serve as a companion pet. Once an attorney advised me that anytime a member has
an ADA claim, I should take immediate action to comply with their needs. That
means that you have a valid medical need for the service dog or companion dog.
Q- Board Duties:
I would like to have the state rules for our
board duties. I would like to know the rules as a resident and board member.
Can you guide me on how I can obtain this information? MK Weeki Wachee
A - The answer is not a one-source document. The
answer is not complicated, but it does require effort. I could say simply, do
unto others as you would like them to do to you. Keep in mind that the
association should not be a “mom and pop” operation but operated as a business.
That means the board will have the same requirements as any large commercial
corporation board of directors. While the statutes for the type of association,
such as FS 718, and the corporation statutes, such as FS 617, provide some of
the answers, your association documents will also have requirements for the
board of directors and officers. The state has published a pamphlet called
“Condominium Unit Owners Rights and Responsibilities,” but it applies to HOAs
as well. Let me begin before I abridge this pamphlet by defining the board
duties. Directors are responsible for the operations and maintenance of the
common areas and association. Officers and management have duties that are
defined in the statutes, the documents, and the instructions of the directors.
In simple terms, the directors are responsible and the officers only have
duties. The pamphlet says that owners are responsible to pay their fees on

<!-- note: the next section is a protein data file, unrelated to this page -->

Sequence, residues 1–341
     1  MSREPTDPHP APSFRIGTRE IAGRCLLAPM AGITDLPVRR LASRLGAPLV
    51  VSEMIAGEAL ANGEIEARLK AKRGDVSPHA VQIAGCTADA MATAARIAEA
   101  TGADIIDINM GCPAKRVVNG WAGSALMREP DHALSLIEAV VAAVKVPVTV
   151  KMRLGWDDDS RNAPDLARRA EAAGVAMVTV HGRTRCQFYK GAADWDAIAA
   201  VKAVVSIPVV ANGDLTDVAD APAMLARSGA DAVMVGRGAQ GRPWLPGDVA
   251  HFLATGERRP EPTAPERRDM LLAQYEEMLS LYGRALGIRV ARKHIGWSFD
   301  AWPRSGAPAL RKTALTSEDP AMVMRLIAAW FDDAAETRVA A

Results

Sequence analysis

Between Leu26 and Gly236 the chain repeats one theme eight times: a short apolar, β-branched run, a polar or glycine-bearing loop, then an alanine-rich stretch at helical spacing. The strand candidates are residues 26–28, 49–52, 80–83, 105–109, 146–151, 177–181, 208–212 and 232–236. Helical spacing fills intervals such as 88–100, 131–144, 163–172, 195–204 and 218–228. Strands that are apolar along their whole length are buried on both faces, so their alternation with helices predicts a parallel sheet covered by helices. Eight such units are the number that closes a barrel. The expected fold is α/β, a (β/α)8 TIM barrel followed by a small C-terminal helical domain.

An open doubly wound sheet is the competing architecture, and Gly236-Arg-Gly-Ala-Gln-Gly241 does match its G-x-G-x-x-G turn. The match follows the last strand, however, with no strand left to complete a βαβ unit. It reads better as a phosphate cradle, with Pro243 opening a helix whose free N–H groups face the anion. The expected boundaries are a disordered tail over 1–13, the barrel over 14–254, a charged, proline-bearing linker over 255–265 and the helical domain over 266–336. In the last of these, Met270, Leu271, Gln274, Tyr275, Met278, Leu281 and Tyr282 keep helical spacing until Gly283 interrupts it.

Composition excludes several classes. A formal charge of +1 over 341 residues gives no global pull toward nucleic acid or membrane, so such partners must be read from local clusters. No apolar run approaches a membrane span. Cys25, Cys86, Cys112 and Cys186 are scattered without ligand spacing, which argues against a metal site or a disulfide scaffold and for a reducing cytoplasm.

time, respect and use the common areas properly, and comply with the statutes
and documents. It also says that an owner should attend and participate in
meetings, volunteer to work on committees, serve on the board, vote on issues
presented and at elections, cooperate with other owners in day-to-day community
life, bring any concerns or problems to the attention of the board, and be
familiar with the statutes and the association’s documents. The one thing that
is not in the pamphlet is the final responsibility to be a member of the
community. In the end, the owners are the ones that pay for the maintenance and
operations. If the board fails, then the owners must pay.
Q-Manager’s Duties as A Chairperson:
I must disagree with one of your answers about a
manager acting as the president. This is ridiculous. Managers can run the
meeting if the board so chooses but cannot be the president if he is not a
member of the association. Will you reprint the correct answer? RC- Naples
A - In the statutes, there is no requirement for
a director or officer to be a member of the association or a resident full-time
or part-time. Your documents may have such a requirement. This is an infrequent
requirement as most documents do not address that ownership or residency is a
requirement to serve as a director or officer. Therefore, almost any person can
be elected to the board of directors and serve as an officer. While I do not
recommend that a manager serve as the president, my reference is that the
manager would then have too much authority. However, I have known associations
that have the need for the manager to take control and operate as the